Recommendations o f the Board o f Governors o f the Federal Reserve System as to the Minimum Standards W hich Should Be Observed by Member Banks in Making Loans upon Real Estate

    While recognizing that requirements of individual banks in making loans for the purpose of financing or carrying real estate will vary according to the circumstances of particular transactions, the Board of Governors of the Federal Reserve System believes that certain minimum standards should be observed. Some of these standards are specifically required by law with respect to loans of national banks. Others are advisable as a matter of sound banking practice. The examiners for the Federal Reserve Banks should take such standards into consideration in reviewing loans of State member banks, and Federal Reserve Banks in passing upon applications of member banks for credit accommodations supported by real estate loans should give preference to the acceptance as collateral of such loans as meet these standards. With these considerations in mind the Board recommends that member banks in making or acquiring real estate loans, other than those insured under Title II of the National Housing Act, apply the standards set forth below as minimum requirements:

    (1) Obligations issued or drawn for the purpose of financing, refinancing, or carrying real estate should be secured by first lien, evidenced by mortgage, trust deed, or other such instrument, upon improved real estate, including improved farm land and improved business and residential properties;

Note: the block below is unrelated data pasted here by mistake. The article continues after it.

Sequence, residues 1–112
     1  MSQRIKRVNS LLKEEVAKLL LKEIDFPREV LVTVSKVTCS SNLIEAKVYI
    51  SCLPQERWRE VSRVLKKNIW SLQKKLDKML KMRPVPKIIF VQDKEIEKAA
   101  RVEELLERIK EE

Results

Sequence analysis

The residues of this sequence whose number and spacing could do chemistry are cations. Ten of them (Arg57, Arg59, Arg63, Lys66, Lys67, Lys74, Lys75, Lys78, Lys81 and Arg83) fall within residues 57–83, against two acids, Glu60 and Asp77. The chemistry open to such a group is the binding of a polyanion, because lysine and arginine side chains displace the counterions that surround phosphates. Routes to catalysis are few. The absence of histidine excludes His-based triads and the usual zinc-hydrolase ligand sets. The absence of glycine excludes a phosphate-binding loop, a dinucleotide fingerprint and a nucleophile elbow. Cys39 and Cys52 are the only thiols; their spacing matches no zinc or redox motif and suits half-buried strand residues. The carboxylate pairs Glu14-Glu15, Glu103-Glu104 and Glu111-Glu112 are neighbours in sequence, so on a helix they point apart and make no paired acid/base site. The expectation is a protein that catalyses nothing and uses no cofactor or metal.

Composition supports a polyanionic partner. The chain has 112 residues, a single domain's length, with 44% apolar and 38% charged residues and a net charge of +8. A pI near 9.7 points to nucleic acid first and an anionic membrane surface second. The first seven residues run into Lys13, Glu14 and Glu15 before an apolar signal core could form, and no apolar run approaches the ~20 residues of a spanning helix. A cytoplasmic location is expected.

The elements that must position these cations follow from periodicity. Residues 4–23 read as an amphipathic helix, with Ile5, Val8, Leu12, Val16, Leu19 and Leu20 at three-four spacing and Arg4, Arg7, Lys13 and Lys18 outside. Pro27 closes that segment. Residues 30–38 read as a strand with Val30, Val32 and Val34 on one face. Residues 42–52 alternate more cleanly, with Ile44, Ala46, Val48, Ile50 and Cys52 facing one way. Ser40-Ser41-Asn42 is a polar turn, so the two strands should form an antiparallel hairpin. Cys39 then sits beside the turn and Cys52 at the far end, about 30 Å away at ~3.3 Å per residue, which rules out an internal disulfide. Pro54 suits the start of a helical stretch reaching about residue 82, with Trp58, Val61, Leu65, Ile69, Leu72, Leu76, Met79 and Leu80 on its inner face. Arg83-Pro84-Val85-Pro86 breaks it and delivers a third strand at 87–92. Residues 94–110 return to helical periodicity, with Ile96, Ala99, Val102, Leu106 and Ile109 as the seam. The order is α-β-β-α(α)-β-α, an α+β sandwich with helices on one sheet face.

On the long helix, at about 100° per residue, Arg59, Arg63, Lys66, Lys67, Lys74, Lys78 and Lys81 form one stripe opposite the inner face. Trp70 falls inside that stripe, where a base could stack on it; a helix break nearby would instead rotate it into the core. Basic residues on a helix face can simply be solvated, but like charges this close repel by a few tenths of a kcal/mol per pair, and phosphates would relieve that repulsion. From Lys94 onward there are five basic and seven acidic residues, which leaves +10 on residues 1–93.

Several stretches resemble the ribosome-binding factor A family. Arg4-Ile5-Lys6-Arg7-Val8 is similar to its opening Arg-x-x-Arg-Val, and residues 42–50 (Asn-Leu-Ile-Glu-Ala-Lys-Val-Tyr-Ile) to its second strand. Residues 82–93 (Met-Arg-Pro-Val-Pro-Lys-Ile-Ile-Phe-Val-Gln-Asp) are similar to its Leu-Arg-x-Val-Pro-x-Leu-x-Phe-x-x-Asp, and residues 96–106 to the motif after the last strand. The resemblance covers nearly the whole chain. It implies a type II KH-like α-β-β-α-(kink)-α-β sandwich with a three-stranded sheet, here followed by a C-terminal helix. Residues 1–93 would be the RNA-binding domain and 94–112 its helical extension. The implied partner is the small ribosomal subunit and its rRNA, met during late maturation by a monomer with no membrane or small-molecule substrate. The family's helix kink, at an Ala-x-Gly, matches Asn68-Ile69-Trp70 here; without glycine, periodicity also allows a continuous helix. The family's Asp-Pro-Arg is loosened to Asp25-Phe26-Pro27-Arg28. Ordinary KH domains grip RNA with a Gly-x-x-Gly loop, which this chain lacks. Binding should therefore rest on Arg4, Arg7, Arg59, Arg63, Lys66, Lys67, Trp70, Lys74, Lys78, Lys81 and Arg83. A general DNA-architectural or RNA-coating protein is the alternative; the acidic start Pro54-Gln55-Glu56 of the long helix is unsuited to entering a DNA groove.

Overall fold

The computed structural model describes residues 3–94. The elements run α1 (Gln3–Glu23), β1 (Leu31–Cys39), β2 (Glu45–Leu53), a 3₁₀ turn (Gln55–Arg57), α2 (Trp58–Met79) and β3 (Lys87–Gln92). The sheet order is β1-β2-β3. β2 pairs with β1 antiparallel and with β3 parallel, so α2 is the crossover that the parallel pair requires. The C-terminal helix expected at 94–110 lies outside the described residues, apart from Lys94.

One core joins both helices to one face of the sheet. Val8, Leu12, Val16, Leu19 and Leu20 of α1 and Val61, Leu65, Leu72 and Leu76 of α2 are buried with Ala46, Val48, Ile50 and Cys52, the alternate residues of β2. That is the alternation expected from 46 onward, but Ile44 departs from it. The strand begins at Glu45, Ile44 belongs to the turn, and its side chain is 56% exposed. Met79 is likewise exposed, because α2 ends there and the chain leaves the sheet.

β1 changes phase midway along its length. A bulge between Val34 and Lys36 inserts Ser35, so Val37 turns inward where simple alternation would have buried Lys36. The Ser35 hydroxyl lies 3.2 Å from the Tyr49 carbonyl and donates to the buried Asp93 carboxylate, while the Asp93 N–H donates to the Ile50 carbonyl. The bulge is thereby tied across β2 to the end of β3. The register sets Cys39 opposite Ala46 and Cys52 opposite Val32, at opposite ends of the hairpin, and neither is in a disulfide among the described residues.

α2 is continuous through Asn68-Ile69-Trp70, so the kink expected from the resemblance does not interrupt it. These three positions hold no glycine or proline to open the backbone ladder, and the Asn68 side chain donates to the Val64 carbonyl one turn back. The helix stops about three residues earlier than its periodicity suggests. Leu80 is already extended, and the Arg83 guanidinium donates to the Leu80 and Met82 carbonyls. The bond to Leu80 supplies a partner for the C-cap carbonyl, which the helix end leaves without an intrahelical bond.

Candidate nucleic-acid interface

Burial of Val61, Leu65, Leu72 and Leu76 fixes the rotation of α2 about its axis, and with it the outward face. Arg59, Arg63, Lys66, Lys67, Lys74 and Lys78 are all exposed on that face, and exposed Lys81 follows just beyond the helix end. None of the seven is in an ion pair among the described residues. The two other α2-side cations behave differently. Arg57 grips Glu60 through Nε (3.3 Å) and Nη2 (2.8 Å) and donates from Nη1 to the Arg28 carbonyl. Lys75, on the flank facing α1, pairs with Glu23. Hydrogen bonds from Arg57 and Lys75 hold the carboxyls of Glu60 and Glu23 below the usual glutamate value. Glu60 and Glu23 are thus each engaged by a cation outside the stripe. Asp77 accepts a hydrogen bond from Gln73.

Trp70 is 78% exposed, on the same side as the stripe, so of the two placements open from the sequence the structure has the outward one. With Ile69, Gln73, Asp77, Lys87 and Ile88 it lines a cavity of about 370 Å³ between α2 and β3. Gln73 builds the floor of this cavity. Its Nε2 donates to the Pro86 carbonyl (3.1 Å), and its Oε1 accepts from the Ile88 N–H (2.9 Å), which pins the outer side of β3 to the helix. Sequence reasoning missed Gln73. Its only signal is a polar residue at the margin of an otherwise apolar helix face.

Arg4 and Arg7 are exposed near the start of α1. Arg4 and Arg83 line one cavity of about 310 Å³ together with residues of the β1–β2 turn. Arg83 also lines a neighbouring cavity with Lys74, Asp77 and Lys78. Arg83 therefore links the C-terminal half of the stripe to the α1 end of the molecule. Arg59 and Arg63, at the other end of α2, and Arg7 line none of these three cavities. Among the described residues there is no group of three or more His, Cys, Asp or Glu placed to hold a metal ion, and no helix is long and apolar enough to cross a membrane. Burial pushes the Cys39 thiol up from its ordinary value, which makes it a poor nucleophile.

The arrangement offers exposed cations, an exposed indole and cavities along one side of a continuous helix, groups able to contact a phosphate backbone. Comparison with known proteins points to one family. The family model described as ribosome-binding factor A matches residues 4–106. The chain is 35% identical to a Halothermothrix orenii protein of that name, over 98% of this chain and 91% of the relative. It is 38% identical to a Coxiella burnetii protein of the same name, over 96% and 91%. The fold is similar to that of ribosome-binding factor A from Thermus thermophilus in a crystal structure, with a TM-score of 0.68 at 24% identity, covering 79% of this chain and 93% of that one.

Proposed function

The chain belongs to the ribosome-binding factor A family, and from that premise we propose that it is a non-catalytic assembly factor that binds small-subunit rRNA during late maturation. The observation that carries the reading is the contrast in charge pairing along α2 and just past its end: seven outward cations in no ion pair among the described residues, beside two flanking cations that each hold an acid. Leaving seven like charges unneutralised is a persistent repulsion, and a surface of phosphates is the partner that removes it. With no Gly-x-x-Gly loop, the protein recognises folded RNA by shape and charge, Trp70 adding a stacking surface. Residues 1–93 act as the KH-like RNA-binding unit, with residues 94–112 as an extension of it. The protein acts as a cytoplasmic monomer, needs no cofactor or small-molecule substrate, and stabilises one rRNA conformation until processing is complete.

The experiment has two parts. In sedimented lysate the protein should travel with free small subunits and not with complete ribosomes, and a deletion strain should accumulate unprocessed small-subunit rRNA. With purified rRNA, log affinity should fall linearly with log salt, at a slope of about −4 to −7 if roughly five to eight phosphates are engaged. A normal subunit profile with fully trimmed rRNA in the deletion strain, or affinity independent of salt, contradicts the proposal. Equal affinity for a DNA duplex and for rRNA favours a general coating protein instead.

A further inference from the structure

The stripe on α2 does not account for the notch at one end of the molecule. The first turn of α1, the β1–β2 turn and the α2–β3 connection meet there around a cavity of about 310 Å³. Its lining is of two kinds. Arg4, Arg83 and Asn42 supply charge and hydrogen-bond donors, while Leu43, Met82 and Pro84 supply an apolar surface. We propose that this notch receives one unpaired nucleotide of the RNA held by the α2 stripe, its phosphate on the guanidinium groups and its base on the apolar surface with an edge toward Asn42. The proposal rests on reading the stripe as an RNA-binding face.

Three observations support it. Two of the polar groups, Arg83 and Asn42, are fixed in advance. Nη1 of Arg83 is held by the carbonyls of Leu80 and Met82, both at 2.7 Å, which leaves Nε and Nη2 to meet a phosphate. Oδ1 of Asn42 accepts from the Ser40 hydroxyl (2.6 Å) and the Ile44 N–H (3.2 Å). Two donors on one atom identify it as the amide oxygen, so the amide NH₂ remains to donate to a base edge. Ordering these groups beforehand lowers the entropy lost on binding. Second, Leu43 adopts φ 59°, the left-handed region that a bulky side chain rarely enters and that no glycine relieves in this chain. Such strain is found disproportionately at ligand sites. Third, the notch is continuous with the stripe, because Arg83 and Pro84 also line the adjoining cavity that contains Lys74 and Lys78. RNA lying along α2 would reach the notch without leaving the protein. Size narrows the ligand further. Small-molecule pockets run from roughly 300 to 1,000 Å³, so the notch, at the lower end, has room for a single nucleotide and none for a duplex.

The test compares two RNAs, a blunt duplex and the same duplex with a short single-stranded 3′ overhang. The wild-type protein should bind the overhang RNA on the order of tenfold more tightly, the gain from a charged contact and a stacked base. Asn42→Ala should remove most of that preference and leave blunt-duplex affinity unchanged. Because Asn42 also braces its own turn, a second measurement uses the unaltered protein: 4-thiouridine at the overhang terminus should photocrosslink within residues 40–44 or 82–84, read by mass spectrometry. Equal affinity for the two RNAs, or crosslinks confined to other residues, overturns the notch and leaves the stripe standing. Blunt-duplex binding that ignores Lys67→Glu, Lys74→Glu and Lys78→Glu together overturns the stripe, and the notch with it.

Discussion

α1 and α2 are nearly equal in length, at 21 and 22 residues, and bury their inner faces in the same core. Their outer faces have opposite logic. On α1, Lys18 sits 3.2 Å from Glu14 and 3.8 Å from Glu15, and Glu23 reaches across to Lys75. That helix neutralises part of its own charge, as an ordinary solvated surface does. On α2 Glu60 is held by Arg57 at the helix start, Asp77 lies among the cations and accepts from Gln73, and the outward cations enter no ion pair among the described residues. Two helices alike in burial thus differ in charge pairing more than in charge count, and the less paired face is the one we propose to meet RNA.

(2) The amount of the loan or loans evidenced by such obligations should not exceed 50 per cent of the appraised value of the real estate securing such loan or loans and no such loan should be for a longer term than five years, except that any such loan may be in an amount not exceeding 60 per cent of the appraised value of the real estate securing such loan and for a term not longer than ten years if the loan is secured by an amortized mortgage, deed of trust, or other such instrument under the terms of which 40 per cent or more of the principal of the loan will be amortized within a period of not more than ten years by means of substantially equal monthly, quarterly, semiannual, or annual payments on principal with interest added or on principal and interest combined, and member banks should take reasonable steps to satisfy themselves that the payments and other requirements of the obligations will be met in accordance with their terms;

    (3) There should be on file with the member bank with respect to such obligations the following documents or properly certified or photostat copies thereof:

    12

  • REGULATION A 13

    (a) an appraisal of the value of the real estate which has been made within a reasonable time before the obligation was acquired by the member bank (i) by one or more competent and experienced appraisers independent of the member bank who have no interest, direct or indirect, in the real estate, or (ii) if the member bank maintains a separate real estate department, by one or more officers or employees who are regularly assigned to such department, who specialize in real estate appraisals and who have no interest, direct or indirect, in the real estate, or (iii) by a committee appointed by the board of directors and consisting of not less than two members who are qualified for the purpose and have no interest, direct or indirect, in the real estate, and which appraisal contains, in addition to such other data as may be required by the member bank, statements as to the purpose for which the real estate is used or is proposed to be used and the nature and amount of the income received therefrom;

    (b) an adequate description of the real estate, including the improvements;